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sos-collector functionality has been merged into the sos project directly, and all future development will occur in that project.

All issue reports, PRs, RFEs, and the like should be directed to


Collect sosreports from multiple (cluster) nodes simultaneously


sos-collector is a utility designed to collect sosreports from multiple nodes simultaneously and package them in a single archive. It is ideally suited for clustered environments, but can also be used for manually-defined sets of standalone nodes.


sos-collector leverages OpenSSH's ControlPersist functionality to open SSH sessions to the target nodes from the local system it is run on.

By default, sos-collector assumes that SSH keys have been installed on any nodes it tries to connect to. This can be changed by using the --password option which will prompt the user to enter an SSH password. This password is assumed to be the same for all nodes. If you have a different root password for each node, you should ideally deploy SSH keys, however there is also the --password-per-node option which will prompt for a password for each node individually.

IMPORTANT: sos-collector itself does not need root privileges, however it does need root privileges on the target nodes in order to run sosreport. By default, SSH session will be opened as root. This can be changed via the --ssh-user option. If used, sos-collector will prompt for a sudo password.

If sos-collector is being run on a node that is part of the cluster being investigated, it can be run as simply as:

$ sos-collector

If it is being run on a workstation, then it can still be used provided that SSH keys for that workstation are installed on the target nodes. To do this, specify a "master" node in the cluster:

$ sos-collector

In this example, will need to be able to enumerate all other nodes in the cluster. SSH sessions will be opened from the local workstation, NOT from the master node.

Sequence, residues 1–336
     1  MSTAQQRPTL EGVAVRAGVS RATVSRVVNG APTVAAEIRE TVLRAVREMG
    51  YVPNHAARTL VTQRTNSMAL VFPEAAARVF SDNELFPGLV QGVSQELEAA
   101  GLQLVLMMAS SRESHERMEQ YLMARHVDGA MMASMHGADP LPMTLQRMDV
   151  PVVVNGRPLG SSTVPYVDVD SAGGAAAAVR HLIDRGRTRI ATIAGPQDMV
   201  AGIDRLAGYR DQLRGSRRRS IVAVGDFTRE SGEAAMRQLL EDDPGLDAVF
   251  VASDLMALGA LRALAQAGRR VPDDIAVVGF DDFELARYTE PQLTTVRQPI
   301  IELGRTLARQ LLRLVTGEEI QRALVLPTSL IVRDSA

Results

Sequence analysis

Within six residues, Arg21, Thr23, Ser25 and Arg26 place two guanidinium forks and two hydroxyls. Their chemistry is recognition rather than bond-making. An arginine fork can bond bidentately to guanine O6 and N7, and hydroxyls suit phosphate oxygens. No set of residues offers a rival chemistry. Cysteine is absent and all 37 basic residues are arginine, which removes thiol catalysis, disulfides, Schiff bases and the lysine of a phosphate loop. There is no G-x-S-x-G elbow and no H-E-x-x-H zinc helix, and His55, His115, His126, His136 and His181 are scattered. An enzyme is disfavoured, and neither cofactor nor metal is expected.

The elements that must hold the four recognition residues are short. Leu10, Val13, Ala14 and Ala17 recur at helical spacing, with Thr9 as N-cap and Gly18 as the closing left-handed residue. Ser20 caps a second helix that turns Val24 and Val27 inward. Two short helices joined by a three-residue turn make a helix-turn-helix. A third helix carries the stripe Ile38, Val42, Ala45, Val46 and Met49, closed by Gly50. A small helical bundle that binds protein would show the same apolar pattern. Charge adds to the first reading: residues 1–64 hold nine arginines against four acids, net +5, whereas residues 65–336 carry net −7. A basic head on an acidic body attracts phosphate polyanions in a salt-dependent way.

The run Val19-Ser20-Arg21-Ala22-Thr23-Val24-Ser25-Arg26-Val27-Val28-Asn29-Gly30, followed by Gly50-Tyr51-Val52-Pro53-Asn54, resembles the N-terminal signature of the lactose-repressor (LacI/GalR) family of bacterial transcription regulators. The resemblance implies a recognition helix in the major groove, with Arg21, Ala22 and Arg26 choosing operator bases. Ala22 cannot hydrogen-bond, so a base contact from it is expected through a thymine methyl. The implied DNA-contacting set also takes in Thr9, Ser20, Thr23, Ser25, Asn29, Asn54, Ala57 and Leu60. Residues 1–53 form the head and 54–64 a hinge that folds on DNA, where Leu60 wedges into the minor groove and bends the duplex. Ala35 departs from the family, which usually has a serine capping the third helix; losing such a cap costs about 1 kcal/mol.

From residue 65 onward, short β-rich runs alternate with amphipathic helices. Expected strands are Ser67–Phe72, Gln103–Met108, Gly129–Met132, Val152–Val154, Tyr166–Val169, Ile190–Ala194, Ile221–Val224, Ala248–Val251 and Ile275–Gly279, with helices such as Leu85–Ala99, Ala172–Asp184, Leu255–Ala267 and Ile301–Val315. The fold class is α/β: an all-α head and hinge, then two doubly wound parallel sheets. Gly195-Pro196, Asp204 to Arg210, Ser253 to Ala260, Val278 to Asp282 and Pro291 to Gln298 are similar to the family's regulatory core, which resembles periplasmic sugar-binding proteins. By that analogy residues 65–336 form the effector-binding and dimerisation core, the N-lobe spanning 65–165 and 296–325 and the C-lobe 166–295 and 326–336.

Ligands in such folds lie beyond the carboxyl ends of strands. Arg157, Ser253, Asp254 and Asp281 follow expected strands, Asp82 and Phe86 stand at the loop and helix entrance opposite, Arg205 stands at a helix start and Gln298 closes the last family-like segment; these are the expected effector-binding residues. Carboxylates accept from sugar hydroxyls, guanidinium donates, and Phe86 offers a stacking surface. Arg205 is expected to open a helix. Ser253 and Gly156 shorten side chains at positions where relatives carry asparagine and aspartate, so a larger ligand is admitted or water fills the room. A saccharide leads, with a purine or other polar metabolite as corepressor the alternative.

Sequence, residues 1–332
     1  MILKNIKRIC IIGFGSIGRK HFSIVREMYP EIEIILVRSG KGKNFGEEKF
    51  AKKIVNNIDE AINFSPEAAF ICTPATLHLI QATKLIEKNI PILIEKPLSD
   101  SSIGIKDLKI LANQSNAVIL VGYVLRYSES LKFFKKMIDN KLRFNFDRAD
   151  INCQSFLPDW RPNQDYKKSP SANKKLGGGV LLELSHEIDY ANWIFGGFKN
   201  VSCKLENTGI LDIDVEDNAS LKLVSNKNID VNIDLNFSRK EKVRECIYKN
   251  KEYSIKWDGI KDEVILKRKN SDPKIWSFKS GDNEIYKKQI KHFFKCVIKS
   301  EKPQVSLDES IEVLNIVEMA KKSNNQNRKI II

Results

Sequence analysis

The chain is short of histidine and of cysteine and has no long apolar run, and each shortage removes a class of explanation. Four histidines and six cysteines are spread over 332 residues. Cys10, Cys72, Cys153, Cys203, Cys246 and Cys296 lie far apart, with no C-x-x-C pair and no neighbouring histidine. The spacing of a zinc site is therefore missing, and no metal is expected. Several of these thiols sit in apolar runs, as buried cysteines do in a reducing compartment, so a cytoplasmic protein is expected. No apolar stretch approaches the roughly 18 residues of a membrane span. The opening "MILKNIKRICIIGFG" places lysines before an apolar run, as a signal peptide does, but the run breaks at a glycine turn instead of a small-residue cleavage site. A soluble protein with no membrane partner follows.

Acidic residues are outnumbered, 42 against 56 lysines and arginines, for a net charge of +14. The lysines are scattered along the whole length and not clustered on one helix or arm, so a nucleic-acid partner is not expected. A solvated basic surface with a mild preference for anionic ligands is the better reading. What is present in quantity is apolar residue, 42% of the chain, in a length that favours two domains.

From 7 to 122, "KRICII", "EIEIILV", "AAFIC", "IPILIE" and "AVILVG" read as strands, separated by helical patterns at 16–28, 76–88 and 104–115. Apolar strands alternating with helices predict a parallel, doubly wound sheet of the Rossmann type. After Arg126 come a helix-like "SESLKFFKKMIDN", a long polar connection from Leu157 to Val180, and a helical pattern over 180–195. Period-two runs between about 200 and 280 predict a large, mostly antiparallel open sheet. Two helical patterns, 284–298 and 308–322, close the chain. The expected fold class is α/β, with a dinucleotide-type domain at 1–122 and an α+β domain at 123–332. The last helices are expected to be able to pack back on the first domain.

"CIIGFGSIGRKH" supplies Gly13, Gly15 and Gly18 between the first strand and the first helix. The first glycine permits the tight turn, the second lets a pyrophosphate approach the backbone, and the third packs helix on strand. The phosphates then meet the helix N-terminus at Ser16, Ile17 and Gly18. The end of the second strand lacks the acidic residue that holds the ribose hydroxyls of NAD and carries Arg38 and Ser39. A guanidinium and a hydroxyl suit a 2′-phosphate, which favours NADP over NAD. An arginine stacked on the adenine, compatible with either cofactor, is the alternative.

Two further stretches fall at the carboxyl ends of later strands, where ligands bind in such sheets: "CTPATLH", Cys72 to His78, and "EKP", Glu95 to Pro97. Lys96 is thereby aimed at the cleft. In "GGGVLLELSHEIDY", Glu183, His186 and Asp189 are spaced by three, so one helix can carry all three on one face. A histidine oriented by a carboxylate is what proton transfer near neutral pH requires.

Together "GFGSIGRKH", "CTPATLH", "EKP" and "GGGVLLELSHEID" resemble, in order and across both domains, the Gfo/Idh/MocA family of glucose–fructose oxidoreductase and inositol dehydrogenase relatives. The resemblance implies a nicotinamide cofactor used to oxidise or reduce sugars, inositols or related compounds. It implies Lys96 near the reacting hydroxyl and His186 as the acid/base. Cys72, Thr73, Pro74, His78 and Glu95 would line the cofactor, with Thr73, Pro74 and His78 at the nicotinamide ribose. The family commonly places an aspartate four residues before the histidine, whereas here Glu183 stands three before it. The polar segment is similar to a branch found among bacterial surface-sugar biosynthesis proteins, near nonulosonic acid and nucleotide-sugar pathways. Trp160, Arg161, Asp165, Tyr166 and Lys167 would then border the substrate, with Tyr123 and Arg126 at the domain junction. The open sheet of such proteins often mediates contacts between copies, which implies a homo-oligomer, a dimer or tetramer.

Cluster types/support

sos-collector will attempt to identify the type of cluster environment it is being run against through the use of cluster profiles. These are effectively plugins and live under soscollector/clusters.

The most basic type of check is a package check, e.g. if it is a kubernetes cluster then sos-collector would at minimum look for the presence of the kubernetes package.

You can also manually force a specific type of cluster using --cluster-type, E.G.

$ sos-collector --cluster-type=kubernetes

Node enumeration

The profile for each cluster contains the logic to enumerate and report the nodes in the cluster to sos-collector. However, a user may also specify a list of nodes alongside a given --master or --cluster-type. In the event that neither is provided, the first node in the list given to sos-collector is considered to be the master node. This list can contain either fully resolvable hostnames or a regex pattern to match. For example:

$ sos-collector, $ sos-collector,node(2-4)


You can run sos-collector from the git checkout, E.G.

$ ./sos-collector

Currently sos-collector is available for Fedora 27 and later and can be installed from the repos:

# dnf install sos-collector


A tool to collect sosreports from multiple hosts







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